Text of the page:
But what do we mean by ‘ordinariness’ in the first place? To start with, of course, it is a derivative of ‘ordinary’, which according to my dictionary has seven completely different sets of meanings – including another name for a penny farthing, and a bishop or judge exercising authority. However, the most common set of meanings includes ‘commonplace’, ‘normal’,‘uninteresting’. To this I would add, by way of association, words like ‘familiar’ and even ‘homely’.
Although some people might think, on the basis of this definition, that there is little virtue in being ‘ordinary’, for many others there is something extremely comforting about it. And by way of further association I would argue that in this country, i.e. the UK, there is a particular comfort to be found in that mythical place called ‘Middle England’, which is about as real as Tolkein’s Middle Earth. Be that as it may, this has not stopped politicians of all persuasions trying to woo potential voters in this mythical territory, and it even has its own newspaper – the Daily Mail, or so we are led to believe. However, as Stuart Maconie in his brilliant and very funny book Adventures on the High Teas points out, ‘Middle England’ is a rather slippery entity with no fixed identity. 1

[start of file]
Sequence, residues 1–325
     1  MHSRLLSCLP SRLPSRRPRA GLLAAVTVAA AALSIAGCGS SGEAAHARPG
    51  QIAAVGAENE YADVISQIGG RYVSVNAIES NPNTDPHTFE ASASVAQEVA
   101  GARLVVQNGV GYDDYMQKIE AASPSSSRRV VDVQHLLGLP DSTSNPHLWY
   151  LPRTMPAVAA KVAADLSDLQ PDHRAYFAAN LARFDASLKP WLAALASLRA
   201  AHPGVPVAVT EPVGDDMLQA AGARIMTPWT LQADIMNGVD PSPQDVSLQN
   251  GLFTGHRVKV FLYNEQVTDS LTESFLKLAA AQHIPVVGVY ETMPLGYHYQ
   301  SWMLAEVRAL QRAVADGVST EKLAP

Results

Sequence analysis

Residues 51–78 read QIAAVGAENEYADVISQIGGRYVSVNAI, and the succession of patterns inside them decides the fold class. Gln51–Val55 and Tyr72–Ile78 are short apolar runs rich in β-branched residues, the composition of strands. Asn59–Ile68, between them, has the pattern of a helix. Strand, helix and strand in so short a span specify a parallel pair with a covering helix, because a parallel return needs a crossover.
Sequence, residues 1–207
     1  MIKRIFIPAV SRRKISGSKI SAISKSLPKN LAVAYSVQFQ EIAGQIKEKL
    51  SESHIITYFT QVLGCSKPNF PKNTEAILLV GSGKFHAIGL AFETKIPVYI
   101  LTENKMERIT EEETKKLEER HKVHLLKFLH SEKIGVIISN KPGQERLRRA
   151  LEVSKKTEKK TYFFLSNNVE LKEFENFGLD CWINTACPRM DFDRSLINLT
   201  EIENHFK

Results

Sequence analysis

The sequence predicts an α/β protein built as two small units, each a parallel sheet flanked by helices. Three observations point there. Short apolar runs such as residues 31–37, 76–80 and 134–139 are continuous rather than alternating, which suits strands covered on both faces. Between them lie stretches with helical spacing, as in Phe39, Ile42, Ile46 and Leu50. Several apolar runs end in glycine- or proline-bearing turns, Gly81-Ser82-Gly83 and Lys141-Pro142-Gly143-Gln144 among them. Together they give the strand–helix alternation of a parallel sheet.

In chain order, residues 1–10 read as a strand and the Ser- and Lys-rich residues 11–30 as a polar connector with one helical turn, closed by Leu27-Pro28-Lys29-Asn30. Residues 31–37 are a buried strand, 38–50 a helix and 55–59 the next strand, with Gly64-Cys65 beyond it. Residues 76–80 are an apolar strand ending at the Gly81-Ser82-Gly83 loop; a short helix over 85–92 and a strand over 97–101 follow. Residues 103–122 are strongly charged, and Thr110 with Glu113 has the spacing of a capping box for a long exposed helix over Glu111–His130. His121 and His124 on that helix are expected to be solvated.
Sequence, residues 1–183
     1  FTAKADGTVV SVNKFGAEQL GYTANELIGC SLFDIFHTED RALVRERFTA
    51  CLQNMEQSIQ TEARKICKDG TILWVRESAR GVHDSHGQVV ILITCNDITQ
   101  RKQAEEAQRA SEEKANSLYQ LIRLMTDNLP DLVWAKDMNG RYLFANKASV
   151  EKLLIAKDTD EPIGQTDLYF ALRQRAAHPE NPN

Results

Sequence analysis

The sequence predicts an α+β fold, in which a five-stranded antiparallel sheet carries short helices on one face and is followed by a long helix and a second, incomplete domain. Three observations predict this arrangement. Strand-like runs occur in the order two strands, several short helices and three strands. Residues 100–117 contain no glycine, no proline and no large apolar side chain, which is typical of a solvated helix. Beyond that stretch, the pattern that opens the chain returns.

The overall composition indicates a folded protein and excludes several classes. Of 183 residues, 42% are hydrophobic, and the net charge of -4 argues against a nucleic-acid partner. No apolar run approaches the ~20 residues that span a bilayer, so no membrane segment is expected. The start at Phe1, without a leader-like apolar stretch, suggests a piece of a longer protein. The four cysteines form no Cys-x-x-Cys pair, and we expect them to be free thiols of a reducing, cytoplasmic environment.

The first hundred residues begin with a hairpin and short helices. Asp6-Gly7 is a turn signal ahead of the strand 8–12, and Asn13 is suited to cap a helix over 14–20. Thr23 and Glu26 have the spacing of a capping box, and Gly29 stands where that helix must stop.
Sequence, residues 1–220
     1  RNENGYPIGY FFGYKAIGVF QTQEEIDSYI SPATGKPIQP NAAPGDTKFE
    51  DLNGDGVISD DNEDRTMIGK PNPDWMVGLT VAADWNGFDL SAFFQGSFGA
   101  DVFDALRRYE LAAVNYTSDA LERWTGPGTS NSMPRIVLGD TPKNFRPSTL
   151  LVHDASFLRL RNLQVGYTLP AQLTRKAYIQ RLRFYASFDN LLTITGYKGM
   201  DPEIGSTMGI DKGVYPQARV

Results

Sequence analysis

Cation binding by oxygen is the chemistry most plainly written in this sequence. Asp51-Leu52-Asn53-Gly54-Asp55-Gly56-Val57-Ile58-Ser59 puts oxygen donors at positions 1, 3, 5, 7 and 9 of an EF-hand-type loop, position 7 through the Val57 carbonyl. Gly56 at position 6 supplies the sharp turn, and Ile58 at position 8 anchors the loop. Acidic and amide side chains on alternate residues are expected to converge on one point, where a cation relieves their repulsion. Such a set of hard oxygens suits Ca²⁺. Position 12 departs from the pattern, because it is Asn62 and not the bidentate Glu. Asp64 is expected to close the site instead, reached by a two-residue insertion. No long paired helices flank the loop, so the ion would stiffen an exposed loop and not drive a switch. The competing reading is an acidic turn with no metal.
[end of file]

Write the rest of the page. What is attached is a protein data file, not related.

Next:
The key point here, however, is not whether Middle England actually exists, but the fact that it symbolises something that is supposedly the epitome of Englishness, and, more importantly, something that epitomises ‘ordinariness’. But ‘ordinariness’, in the context that I’m describing, i.e. something familiar, homely, is a fantasy. This may seem a rather peculiar assertion, bearing in mind that fantasies are often regarded as an escape from ‘ordinary’ ‘everyday’ life.
- Maconie, S. (2009) Adventures on the High Teas: In search of Middle England. London, Ebury Press. [↩]